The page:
Nevada Has Special Rules for Older Drivers
As is the case in most states, Nevada has a set of rules for older drivers to ensure their safety and the safety of everyone they share the road with. Age-related factors such as decreased hearing and vision, cognitive decline, slower reaction times, increasingly limited motor skills and certain medications can take a toll on how safe an individual is when they’re operating a vehicle. Studies have shown that advancing age is associated with higher fatal crash rates.
To help minimize the risk, Nevada enforces laws to help seniors limit how long they spend driving a vehicle.
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Renewing a License
Once a Nevada resident turns 65 years old, the state requires them to renew their license every four years rather than every eight years. Some drivers may receive a full-page application with their renewal notice. If that is the case, they may renew their license by fax or mail. If they receive a renewal notice without an application, they must visit their local DMV in person.
When an older adult renews their license, they are required to complete a vision test. The DMV conducts the test for free, but individuals may opt to complete the test with their physician or optometrist within 90 days of the renewal notice. They may be required to complete vision tests more frequently at the discretion of their doctor or the DMV.
Depending on their medical and driving history, older drivers may also have to complete a written and/or road test to demonstrate driving proficiency.
License Restrictions for Older Drivers
In some cases, seniors may be allowed to renew their licenses, but they may have certain restrictions. For example, they may be required to have modifications made to their vehicle, including a left-foot accelerator or an additional right-side mirror. Some drivers are limited to driving only in daylight, while others may not be permitted to drive on the freeway or roads with speed limits over 45 miles per hour. Depending on their health needs, some drivers may be required to wear telescopic lenses to compensate for longer response times.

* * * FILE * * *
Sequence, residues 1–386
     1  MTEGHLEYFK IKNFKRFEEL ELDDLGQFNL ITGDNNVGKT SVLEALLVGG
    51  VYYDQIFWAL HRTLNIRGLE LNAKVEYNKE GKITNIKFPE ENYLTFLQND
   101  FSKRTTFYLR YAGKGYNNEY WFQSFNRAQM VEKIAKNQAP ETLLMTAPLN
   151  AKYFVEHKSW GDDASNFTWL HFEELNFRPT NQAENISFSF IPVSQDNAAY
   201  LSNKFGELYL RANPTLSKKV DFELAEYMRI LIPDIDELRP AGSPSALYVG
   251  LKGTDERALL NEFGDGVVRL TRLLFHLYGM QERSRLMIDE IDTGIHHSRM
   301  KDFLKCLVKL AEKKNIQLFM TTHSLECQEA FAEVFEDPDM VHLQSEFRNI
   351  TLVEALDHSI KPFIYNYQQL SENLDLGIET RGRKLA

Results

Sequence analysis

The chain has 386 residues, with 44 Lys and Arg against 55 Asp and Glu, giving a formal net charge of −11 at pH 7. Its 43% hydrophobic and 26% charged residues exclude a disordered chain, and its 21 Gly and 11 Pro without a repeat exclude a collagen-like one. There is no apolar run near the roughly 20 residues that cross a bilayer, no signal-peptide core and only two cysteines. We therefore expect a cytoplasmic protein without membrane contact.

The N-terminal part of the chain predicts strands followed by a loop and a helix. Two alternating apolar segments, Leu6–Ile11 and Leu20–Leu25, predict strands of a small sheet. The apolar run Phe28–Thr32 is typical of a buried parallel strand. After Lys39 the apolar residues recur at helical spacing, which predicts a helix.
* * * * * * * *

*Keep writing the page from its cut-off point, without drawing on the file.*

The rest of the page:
Requesting an Unsafe Driver Investigation
Oftentimes, observant friends and family members, law enforcement officers and local and state organizations may notice that an older adult is no longer able to safely operate a vehicle. In this case, they can alert the DMV that further investigation into the individual’s driving ability may be necessary. Law enforcement officers or those working for local agencies can submit a Request for Re-Examination, and friends and family can submit a Request for Re-Evaluation, along with an affidavit from a doctor confirming the need for re-evaluation.
Finding Auto Insurance for Seniors with Nevada Insurance Enrollment
Because seniors typically have different driving habits than younger drivers, their auto insurance needs differ. At Nevada Insurance Enrollment, our licensed auto insurance agents work with older drivers to help them find the right policy for their needs and budgets.
Read More: Auto Insurance in Las Vegas, Nevada
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DISCLAIMER: It is important to note that the information contained herein is made general for the purpose of explanation. You should consult your policy for exclusions or other language that may alter your policy.